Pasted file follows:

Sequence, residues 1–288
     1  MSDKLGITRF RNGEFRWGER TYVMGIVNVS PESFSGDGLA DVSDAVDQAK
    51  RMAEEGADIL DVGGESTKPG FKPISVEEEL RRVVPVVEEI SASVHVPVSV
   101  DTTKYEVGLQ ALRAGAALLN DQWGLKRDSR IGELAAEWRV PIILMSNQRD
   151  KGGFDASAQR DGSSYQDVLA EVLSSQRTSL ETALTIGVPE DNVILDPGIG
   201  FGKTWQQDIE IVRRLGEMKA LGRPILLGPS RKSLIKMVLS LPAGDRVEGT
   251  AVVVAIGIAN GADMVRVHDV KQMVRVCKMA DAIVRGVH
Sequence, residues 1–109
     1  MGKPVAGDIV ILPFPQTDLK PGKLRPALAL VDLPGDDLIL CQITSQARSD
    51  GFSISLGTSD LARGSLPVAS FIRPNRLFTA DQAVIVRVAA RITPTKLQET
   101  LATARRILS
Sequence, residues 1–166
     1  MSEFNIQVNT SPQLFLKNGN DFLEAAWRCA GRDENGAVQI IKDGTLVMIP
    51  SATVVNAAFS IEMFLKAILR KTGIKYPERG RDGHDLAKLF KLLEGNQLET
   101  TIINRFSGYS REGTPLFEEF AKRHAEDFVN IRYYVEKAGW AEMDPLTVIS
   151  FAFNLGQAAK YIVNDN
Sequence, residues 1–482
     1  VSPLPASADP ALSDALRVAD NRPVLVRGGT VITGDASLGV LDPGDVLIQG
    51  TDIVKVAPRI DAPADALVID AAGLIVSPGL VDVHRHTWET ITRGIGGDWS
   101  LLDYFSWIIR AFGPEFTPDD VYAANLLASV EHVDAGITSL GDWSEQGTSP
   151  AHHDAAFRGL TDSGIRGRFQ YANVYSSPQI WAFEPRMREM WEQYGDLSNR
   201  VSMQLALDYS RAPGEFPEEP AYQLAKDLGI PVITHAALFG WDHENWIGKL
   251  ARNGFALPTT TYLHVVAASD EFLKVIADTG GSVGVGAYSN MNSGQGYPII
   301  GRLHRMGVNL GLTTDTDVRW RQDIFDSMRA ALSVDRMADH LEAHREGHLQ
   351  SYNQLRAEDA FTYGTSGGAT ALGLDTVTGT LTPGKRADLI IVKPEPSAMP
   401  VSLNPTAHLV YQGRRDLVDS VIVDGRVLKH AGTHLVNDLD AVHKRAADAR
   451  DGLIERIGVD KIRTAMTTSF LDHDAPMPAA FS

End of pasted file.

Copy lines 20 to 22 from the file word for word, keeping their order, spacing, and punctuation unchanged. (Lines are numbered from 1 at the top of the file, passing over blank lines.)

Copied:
   101  LLDYFSWIIR AFGPEFTPDD VYAANLLASV EHVDAGITSL GDWSEQGTSP
   151  AHHDAAFRGL TDSGIRGRFQ YANVYSSPQI WAFEPRMREM WEQYGDLSNR
   201  VSMQLALDYS RAPGEFPEEP AYQLAKDLGI PVITHAALFG WDHENWIGKL